London Stadium


London Stadium
  • 6.8 million visitors since 2013
  • Staged opening and closing ceremonies and track and field athletics in the London 2012 Games
  • Major transformation into multi-use year-round venue 2013-2016
  • New 400m London Marathon Charitable Trust Community Track used by school, community and international athletes.
What Now?
  • Home of West Ham United and British Athletics
  • London Marathon Charitable Trust Community Track home to Newham and Essex Beagles Athletics Club
  • Staged wide range of world-class concerts – Rolling Stones, Beyoncé, Jay Z, Muse, Guns n Roses, Robbie Williams, Foo Fighters, ACDC
  • Hosted 2017 World Athletics Championships with £107m economic impact
  • Hosted first MLB matches in Europe Boston Red Sox vs New York Yankees (2019) generating £47m for UK economy
  • Also staged international Rugby Union (RWC 2015) and Rugby League
  • Populous
  • Shortlisted for 2012 Stirling Prize
  • Peak workforce during stadium transformation reached 500 workers on site
  • More than 30 apprentices recruited locally worked on the site.
  • 800,000 tonnes of soil removed from the site before construction began - enough to fill the Royal Albert Hall nine times.
  • The roof is approx 45,000 square metres and at 84m at its deepest point, the longest cantilevered roof in the world, covering every seat.
  • Entire stadium circumference is 860m.
  • 5,500 tonnes of steel and 6km of cabling used in the transformation.
  • Toilets at the Podium level are flushed from the non-potable water network.
  • Football pitch, 105m x 68m
  • International standard athletics track
  • 60,000 seats in athletics mode (including 428 wheelchair accessible and 529 easy access)
  • 60,000 seats in football mode (including 253 wheelchair accessible and 540 easy access) with retractable seating placed over the athletics track to bring seating close to the pitch.
  • 80,000 seats in concert mode (including 428 wheelchair accessible and 529 easy access)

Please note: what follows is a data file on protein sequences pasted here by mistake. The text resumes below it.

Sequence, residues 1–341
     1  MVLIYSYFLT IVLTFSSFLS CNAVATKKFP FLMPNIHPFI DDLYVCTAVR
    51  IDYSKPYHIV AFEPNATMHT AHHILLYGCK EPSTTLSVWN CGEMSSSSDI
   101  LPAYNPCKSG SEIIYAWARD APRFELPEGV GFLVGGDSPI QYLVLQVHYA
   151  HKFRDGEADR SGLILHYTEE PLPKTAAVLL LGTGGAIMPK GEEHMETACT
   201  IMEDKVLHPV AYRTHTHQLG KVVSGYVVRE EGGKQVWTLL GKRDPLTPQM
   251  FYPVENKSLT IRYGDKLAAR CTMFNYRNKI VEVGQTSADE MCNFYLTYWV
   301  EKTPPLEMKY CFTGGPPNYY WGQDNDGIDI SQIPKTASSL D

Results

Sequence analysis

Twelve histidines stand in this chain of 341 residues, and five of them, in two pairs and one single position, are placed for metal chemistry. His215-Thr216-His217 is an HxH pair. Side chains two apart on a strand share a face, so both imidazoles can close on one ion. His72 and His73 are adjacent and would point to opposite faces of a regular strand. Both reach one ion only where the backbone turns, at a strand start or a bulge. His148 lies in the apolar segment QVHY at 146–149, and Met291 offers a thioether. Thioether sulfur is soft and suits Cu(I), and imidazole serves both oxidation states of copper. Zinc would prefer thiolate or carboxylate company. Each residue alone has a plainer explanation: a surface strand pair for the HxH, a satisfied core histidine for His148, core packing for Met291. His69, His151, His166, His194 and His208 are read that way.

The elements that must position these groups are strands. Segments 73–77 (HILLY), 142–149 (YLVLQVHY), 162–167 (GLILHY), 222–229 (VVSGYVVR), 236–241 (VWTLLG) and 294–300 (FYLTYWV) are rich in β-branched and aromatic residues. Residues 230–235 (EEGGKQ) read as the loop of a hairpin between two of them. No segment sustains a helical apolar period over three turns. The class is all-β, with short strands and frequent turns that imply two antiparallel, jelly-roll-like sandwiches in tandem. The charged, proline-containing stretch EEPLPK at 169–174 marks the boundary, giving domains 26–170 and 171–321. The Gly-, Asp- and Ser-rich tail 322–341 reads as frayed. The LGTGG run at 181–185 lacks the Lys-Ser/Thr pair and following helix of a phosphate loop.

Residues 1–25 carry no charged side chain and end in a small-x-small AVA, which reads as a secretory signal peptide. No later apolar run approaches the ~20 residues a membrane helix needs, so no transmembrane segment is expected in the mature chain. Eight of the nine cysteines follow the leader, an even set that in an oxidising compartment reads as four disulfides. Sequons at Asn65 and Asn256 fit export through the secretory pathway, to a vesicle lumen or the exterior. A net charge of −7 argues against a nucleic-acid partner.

• 33 catering outlets
  • Nearly 1,000 toilets


Date Performer(s) Support act(s) Tour/event Attendance Notes
4 June 2016 AC/DC feat. Axl Rose Tyler Bryant & The Shakedown Rock or Bust World Tour 65,000 First concert at the stadium since its redevelopment following the Games of 2012
3 June 2017 Depeche Mode The Horrors Global Spirit Tour 65,191
16-17 June 2017 Guns N' Roses Tyler Bryant & The Shakedown

The Kills Falling In Reverse

Not in This Lifetime... Tour 139,267
23 June 2017 Robbie Williams Erasure The Heavy Entertainment Show Tour 70,000
22-23 May 2018 The Rolling Stones Liam Gallagher (22nd)

Florence and the Machine (23rd)

No Filter Tour 137,475
15-16 June 2018 Beyoncé Jay-Z On the Run II Tour 126,443 Beyoncé became the first female headliner to perform at the stadium.
22 June 2018 Foo Fighters Wolf Alice(22nd)

Frank Carter & The Rattlesnakes(22nd)
The Kills(23rd)

Concrete and Gold Tour
1 June 2019 Muse Pale Waves

Tom Morello

Simulation Theory World Tour 72,721 The show attracted the highest attendance for a single concert in the history of the stadium
24 June 2022 Green Day

Fall Out Boy Weezer

The Interrupters Hella Mega Tour Full capacity allowed Rescheduled from 2020 due to COVID-19 pandemic
25 June 2022

& 26 June 2022

Red Hot Chilli Peppers Anderson .Paak & The Free Nationals


2022 World Tour Full capacity allowed Second date added within hours of the first day tickets going on sale.
30 June 2022

& 2 July 2022

Foo Fighters St. Vincent & Shame (30th)

Courtney Barnett & Hot Milk (2nd)

Return to the UK Full capacity allowed

Interesting History

Nuclear reactor belonging to Queen Mary College, University of London, sited on Marshgate Lane near the current location of the West Ham Store
(Photo: Wikipedia)

Prior to clearance and cleaning for the Games of 2012, the Stadium Island contained many varied industrial buildings. Perhaps one of the more unusual and least known ones was the nuclear reactor. Shortly after the Games were awarded to London in July 2005, The Guardian ran a piece addressing MPs concerns over nulcear radiation contamination:

The tiny reactor, with a core no larger than a bucket, was the first to be built for a UK university. It was commissioned in 1966 for the department of nuclear engineering at Queen Mary College and was deactivated in 1982.

It was used for undergraduate experiments and postgraduate projects.

Walk down Marshgate Lane on Stratford Marsh and the huge empty building, divided into two hangars, still stands. Part of it is used by Bywaters for waste disposal. Behind is the studio for the television show Bad Girls.

The reactor was decommissioned under supervision by the Nuclear Installations Inspectorate, the college said. "The reactor was exceptionally small ... and produced virtually no energy.

"Decommissioning staff were able to stand inside the reactor void with no protective clothing. During decommissioning, the biological shield was removed by a nuclear consultancy, and the core was dismantled by staff on-site according to NII safety guidelines.

"Following the completion of the decommissioning process, the work was approved and verified, and Queen Mary's licence was officially de-registered by the Nuclear Installations Inspectorate in November 1983.

"There are absolutely no ongoing health implications."

Jean McSorley, senior adviser on Greenpeace's nuclear campaign, said: "In our view there's nothing to worry about."